4. Buy a trinket. Snag a large Cuban map towel for $15 or a calendar showing scenes from the island for $10 at the small souvenir stand of 87-year-old Nicacio Machado (SW Eighth Street and 35th Avenue), across from Versailles.

5. Play dominoes. Or at least watch the regulars (typically older Cuban American men) flaunt their stuff in tree-shaded Maximo Gomez Park (better known as Domino Park), at SW Eighth Street and 15th Avenue. Don't leave without checking out the colorful 1994 mural showing leaders from seemingly every nation in the Western Hemisphere -- every nation, that is, except Cuba. Open daily 9 a.m. to 6 p.m.

6. Get spiritual. Miami is home to dozens of botanicas, shops that cater to followers of Santeria and Voudon, religions that blend traditional African and Roman Catholic beliefs. La Negra Francisca Botanica (1323 SW Eighth St., 305-860-9328) is typical, with its impressive stock of candles, incense, books, potions and statues of saints. Be respectful and the store's co-owner, Roberto Fontan, will answer your questions. Trust me: You'll have some.

7. Lighten up. After pondering good and evil at the botanica, put on a smile and head to the best costume and magic shop this side of Oz. La Casa de los Trucos (The House of Tricks, 1343 SW Eighth St., 305-858-5029) offers such must-have items as an "I Love Lucy" wig ($24.99) and a ball cap topped with brains ($14.99).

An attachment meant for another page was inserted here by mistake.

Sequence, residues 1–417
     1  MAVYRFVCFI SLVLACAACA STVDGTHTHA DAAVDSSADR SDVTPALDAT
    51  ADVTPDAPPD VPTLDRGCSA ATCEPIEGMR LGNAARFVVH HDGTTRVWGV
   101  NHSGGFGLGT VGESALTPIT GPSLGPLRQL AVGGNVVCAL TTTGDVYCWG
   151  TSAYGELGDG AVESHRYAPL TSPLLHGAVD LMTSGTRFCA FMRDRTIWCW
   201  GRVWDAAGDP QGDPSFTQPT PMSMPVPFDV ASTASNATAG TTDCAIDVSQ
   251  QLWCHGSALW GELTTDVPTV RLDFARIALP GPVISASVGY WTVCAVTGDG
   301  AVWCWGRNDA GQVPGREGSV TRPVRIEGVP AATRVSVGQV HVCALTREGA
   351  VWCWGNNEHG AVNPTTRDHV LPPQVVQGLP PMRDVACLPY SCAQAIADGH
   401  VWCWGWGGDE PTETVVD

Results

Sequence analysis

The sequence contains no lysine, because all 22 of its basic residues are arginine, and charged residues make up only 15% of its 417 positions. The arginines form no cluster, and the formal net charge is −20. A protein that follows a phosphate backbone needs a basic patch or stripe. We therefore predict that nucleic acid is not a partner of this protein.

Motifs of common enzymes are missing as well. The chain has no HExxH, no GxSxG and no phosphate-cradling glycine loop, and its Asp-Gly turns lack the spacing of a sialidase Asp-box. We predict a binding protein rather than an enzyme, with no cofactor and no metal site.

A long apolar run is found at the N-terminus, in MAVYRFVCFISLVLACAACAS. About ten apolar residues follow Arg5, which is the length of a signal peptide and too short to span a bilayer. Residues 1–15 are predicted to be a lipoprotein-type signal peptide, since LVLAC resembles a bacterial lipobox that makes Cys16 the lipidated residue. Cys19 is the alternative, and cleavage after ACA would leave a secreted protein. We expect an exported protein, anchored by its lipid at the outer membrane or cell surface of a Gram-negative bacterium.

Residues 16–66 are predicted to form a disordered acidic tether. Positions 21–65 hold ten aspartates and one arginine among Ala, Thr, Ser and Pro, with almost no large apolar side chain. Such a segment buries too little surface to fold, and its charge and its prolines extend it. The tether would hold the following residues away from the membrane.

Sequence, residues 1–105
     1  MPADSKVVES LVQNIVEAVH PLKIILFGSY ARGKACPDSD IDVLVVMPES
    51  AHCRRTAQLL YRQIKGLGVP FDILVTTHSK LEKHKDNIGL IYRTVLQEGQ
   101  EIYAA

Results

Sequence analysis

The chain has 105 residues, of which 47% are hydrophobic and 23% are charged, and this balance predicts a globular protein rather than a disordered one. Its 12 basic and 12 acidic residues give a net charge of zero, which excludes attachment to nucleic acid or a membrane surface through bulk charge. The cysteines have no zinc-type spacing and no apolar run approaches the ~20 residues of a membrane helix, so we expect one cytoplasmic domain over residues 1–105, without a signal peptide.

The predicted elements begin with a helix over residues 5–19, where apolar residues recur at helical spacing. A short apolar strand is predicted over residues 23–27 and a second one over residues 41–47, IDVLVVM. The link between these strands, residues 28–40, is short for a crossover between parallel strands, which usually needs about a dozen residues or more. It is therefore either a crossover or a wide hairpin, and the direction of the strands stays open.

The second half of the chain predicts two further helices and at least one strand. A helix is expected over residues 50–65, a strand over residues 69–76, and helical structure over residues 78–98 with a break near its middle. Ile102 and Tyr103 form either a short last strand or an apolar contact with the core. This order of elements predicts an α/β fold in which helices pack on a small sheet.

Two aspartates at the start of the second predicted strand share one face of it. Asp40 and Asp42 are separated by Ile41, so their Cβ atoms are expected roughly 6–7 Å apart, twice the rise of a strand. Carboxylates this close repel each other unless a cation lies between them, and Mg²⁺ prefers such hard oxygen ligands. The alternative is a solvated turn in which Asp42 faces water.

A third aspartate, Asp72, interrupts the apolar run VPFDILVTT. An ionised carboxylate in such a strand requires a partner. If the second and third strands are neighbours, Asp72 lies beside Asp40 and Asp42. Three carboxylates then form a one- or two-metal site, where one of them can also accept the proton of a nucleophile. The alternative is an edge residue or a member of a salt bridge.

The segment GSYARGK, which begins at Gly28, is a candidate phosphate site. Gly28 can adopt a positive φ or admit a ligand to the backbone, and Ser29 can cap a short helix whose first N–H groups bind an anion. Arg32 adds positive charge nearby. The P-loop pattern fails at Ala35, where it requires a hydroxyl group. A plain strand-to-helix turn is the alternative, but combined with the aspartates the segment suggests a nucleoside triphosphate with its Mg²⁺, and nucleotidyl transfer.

8. Listen up. Miami is a mere 200 miles from the coast of Cuba. It's so close that Cuban radio stations can be heard on an ordinary AM radio, especially at night when signals travel farther. Radio Reloj (Clock Radio) is known for its fast-paced, government-sponsored newscasts, always with the sound of a clock ticking in the background. There's a Radio Reloj in every part of Cuba, so the Spanish-language station can be found on multiple frequencies. (Be patient if the signal fades in and out a bit.) Try AM frequencies 570, 820 and 860.

9. Roll on. I don't inhale (anything, actually), but a trip to Little Havana isn't complete without a visit to a cigar factory. El Credito (1100 SW Eighth St., 305-324-0445) has been making hand-rolled cigars with Dominican and Nicaraguan tobacco for 41 years. Best to visit on a weekday, 10 a.m. to 4 p.m., when the rollers are busy at work, making up to 150 cigars a day on their traditional mahogany desks. Cigars of all qualities can be bought in the adjoining shop.

10. Relive the past. The most unusual attraction in Little Havana, hands down, is the two-bedroom house where 6-year-old Elian Gonzalez lived after surviving the 1999 crossing from Cuba to Florida that left his mother and 10 others dead (2319 NW Second St.). The tragedy became a telenovela (soap opera) that climaxed when federal agents raided the house to seize Elian so he could be reunited with his father in Cuba. After the boy returned to the island, his Miami relatives turned the Little Havana house into a museum. Display cases show some of the toys the boy was given during his five-month stay. The museum is officially open on Sundays, but a caretaker told me it is possible to visit any day he's around.

© 2009 The Washington Post Company